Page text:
Farm to Table

  A partnership between the Russell Foundation and the Farmer’s Dinner raises awareness and support for farm viability and local food through a series a farm to table dinners. The dinners are on location at farms and in support of farms. “Working with Ian McSweeney and the Russell Foundation has been a true pleasure. They care so deeply for the people they work with. When people ask me who is doing important work in the area, the first names out of my mouth are Ian and The Russell Foundation.” – Keith Sarasin Chef/Founder of The Farmers Dinner

Wingate Farm

This project involved generational farm transfer, a transition to organic diversified food production, and the development of a viable and sustainable farm enterprise. The project required a number of partners and steps to bring the full picture to fruition. Ian McSweeney brought together parties, developed the full picture and supported and assisted all aspects of this whole farm protection project. The project involved a conservation easement with federal, state, local and private funding, the first ever Option to Purchase (OPAV) at Agricultural Value restriction in NH, a generational transfer, the development of a farm business. The project partners included Mount…

Temple-Wilton Farm

The Community Supported Agriculture (CSA) model of farms began with the Temple-Wilton Community Farm (TWCF) and has now grown to over 12,000 in the country (USDA; 2010). This Farm was one of the first two created and is the longest continually operating CSA farm operation in the country. The TWCF is a biodynamic farm that focuses on soil health, animal and food health, and human health through a closed cycle where the animals provide input to benefit soil health and the soils provide benefit to the crops. This allows the Farm to provide year round diversified offerings of nutrient rich…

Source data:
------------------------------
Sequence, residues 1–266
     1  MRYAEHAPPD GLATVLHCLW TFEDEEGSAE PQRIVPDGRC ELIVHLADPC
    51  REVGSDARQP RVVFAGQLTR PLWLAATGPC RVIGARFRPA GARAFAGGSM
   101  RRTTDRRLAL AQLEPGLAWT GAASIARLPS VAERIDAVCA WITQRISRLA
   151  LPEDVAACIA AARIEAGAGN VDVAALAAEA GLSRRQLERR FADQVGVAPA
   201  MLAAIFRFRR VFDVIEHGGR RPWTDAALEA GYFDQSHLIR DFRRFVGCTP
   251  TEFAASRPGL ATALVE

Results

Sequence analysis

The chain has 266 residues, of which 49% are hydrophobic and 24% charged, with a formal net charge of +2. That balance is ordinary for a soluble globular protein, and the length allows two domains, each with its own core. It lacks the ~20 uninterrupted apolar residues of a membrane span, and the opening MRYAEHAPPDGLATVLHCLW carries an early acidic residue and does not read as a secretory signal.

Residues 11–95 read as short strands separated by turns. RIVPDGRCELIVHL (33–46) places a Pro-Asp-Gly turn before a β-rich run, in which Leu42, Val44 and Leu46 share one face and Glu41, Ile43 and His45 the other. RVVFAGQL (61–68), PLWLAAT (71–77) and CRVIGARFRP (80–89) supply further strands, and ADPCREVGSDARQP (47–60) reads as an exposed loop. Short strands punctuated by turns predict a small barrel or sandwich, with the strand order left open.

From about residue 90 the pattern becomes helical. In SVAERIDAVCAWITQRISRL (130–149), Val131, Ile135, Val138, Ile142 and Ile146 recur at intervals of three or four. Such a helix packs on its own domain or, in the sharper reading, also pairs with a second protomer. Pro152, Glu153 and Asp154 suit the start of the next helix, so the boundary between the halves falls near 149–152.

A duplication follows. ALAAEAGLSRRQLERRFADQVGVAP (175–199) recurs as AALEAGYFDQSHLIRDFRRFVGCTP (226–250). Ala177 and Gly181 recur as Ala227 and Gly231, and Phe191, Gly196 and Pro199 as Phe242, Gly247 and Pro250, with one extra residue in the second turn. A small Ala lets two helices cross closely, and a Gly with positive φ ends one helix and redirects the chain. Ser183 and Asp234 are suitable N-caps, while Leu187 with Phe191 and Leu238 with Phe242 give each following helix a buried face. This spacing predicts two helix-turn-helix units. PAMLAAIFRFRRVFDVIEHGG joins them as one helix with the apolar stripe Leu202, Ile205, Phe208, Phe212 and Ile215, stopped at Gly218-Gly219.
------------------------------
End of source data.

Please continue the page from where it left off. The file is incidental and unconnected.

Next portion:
Dimond Hill Farm

Dimond Hill Farm is a model of how a community can come together to preserve its historic agricultural landscape, local food production, and farm economy. Since 1827, six generations of the Presby family farmed this property before a generational transfer and the need to divide the estate equitably put the farm at risk. The ultimate solution was complicated but elegant: Sale of conservation easements to Five Rivers Conservation Trust and historic preservation easements to NH Preservation Alliance permanently protected the property while providing resources for the heirs to share. Farm title passed to Equity Trust, a non-profit land trust charged…

East Road Farmland Corridor

    “Speaking on the value of volunteerism in our community, and many of those volunteers who are working each year to preserve the rural character of the town through land conservation. Last year, voters approved the purchase of 137 acres of conservation land on East Road. The land, referred to as the Banks/Schmid property will be protected by a land easement held by the Society for the Protection of New Hampshire Forests. Twenty acres of that land will be set aside for town use. Selectmen toured that property in the fall to get a better picture of the contours…